NASA’s GEDI Mission Releases Breakthrough Forest Biomass-Carbon Product

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Siuslaw National Forest

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Scenic view from Siuslaw National Forest, OR. Credit: USGS

< period class ="glossaryLink" aria-describedby ="tt" data-cmtooltip ="<div class=glossaryItemTitle>NASA</div><div class=glossaryItemBody>Established in 1958, the National Aeronautics and Space Administration (NASA) is an independent agency of the United States Federal Government that succeeded the National Advisory Committee for Aeronautics (NACA). It is responsible for the civilian space program, as well as aeronautics and aerospace research. It&#039;s vision is &quot;To discover and expand knowledge for the benefit of humanity.&quot;</div>" data-gt-translate-attributes="[{" attribute="">NASA’s GEDI mission has reached a major milestone with the release of its newest data product, which provides the first near-global estimate of aboveground forest biomass and the carbon it stores – filling a key gap in climate research.

The data enables research into how Earth’s forests are changing, what role they play in mitigating climate change, and the regional and global impacts of planting and cutting down trees.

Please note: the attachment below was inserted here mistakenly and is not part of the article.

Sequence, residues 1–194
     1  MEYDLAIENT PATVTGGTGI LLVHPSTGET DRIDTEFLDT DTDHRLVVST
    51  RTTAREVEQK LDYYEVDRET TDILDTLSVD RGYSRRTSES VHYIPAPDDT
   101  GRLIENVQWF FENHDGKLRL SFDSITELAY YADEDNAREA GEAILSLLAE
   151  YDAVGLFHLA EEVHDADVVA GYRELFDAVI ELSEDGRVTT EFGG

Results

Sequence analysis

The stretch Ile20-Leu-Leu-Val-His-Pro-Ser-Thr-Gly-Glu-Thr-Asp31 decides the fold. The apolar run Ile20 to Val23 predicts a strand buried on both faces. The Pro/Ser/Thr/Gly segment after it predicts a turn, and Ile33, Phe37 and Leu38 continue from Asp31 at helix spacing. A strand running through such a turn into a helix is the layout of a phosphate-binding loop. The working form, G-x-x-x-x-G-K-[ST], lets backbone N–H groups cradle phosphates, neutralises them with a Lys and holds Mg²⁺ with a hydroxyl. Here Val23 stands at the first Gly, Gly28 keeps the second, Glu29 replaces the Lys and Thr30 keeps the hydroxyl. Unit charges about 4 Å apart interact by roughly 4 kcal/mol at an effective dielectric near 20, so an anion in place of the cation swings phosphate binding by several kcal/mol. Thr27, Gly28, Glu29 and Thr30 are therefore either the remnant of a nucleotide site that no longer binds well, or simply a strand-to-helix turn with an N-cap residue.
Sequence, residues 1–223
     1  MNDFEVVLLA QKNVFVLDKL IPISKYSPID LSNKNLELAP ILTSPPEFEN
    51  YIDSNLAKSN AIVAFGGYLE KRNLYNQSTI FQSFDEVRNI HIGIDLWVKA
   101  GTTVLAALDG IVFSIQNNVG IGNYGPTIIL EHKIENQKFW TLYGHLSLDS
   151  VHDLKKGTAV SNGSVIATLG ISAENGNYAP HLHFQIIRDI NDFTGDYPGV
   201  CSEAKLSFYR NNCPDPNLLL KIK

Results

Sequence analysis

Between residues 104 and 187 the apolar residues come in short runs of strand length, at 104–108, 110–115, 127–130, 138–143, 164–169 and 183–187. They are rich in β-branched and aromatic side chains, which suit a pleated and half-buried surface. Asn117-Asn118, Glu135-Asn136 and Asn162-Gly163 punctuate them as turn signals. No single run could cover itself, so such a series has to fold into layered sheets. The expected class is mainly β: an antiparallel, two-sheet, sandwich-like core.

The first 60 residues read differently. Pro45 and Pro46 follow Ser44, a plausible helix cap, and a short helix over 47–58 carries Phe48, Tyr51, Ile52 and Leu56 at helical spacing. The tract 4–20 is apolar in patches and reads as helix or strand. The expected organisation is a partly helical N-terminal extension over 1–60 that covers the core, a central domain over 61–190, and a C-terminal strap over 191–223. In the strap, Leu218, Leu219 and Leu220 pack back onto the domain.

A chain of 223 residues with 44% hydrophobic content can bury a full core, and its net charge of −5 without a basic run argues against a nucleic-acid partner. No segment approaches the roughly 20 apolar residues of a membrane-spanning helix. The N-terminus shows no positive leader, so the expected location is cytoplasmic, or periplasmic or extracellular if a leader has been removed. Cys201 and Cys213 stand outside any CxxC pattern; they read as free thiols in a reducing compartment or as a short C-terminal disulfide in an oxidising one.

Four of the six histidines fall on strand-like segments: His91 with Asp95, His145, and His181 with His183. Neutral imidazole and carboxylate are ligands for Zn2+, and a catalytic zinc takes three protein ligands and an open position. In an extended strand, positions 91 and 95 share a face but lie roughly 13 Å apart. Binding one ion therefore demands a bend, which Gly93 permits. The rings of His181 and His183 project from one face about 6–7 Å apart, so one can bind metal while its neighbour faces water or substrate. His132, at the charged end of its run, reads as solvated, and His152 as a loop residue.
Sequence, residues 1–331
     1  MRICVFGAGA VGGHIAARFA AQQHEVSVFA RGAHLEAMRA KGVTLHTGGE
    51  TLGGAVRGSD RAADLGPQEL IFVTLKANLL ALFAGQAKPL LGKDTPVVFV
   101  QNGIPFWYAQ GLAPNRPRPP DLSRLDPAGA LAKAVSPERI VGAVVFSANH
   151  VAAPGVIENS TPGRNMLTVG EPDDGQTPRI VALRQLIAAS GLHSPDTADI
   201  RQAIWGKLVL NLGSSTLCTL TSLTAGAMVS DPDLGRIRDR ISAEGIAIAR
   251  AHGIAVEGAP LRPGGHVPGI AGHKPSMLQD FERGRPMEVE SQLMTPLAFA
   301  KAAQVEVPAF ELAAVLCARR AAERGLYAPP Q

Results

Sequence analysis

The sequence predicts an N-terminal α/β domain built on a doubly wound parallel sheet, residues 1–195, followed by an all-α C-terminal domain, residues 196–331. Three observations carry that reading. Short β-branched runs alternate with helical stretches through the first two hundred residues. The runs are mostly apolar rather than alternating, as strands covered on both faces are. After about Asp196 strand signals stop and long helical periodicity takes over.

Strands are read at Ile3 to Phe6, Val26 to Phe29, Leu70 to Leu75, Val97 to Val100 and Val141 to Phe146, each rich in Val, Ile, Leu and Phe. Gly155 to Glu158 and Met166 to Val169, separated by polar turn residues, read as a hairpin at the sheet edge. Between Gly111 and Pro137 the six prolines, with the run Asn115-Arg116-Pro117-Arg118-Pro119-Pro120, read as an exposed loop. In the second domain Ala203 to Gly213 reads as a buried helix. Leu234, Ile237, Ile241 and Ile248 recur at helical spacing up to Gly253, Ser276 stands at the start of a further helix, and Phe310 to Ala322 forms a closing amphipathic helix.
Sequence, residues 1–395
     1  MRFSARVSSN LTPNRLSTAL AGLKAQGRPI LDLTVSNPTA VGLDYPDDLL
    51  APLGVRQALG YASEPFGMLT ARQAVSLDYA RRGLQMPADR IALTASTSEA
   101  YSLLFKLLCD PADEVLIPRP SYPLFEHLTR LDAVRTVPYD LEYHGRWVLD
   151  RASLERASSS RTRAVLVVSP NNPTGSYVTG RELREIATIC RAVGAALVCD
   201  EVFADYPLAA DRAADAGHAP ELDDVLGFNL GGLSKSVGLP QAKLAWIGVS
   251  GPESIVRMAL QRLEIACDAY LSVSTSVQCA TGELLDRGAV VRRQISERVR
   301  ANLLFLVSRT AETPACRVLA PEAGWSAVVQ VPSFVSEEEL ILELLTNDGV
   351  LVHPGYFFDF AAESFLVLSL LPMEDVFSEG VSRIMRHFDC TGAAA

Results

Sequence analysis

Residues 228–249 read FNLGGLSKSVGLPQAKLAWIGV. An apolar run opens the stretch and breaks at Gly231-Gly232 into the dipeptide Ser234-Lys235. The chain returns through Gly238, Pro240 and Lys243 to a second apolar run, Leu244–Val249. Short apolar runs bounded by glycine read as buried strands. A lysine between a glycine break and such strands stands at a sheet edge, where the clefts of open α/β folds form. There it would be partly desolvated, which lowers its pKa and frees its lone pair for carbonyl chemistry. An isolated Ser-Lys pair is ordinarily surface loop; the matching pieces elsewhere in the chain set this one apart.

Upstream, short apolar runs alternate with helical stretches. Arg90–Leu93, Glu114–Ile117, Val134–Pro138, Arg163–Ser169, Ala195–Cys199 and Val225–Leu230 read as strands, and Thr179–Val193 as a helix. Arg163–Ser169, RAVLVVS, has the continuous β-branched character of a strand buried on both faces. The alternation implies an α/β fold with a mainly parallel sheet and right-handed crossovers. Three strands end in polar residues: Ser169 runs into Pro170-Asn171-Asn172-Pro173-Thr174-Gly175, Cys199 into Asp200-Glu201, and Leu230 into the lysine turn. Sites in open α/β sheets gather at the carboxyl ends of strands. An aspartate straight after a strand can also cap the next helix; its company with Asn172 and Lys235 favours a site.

With the new data product from GEDI, the Global Ecosystem Dynamics Investigation, ecosystem and climate researchers can quickly locate their regions of interest and study forest structure and carbon content with greater precision than in the past.

The new biomass product release comes as GEDI is within a one-year mission extension and represents the culmination of critical advancements in spaceborne lidar (a type of laser) research.

Counting carbon in Earth’s forests

GEDI is a high-resolution lidar instrument designed specifically to measure vegetation. From its vantage point aboard the International Space Station, GEDI rapidly bounces laser pulses off the trees and shrubs below to create detailed 3D maps of forests and land formations. The resulting data product, processed and gridded at a 1-km (0.39-square mile) resolution, allows researchers to study questions about forest ecosystems, animal habitats, carbon content, and climate change.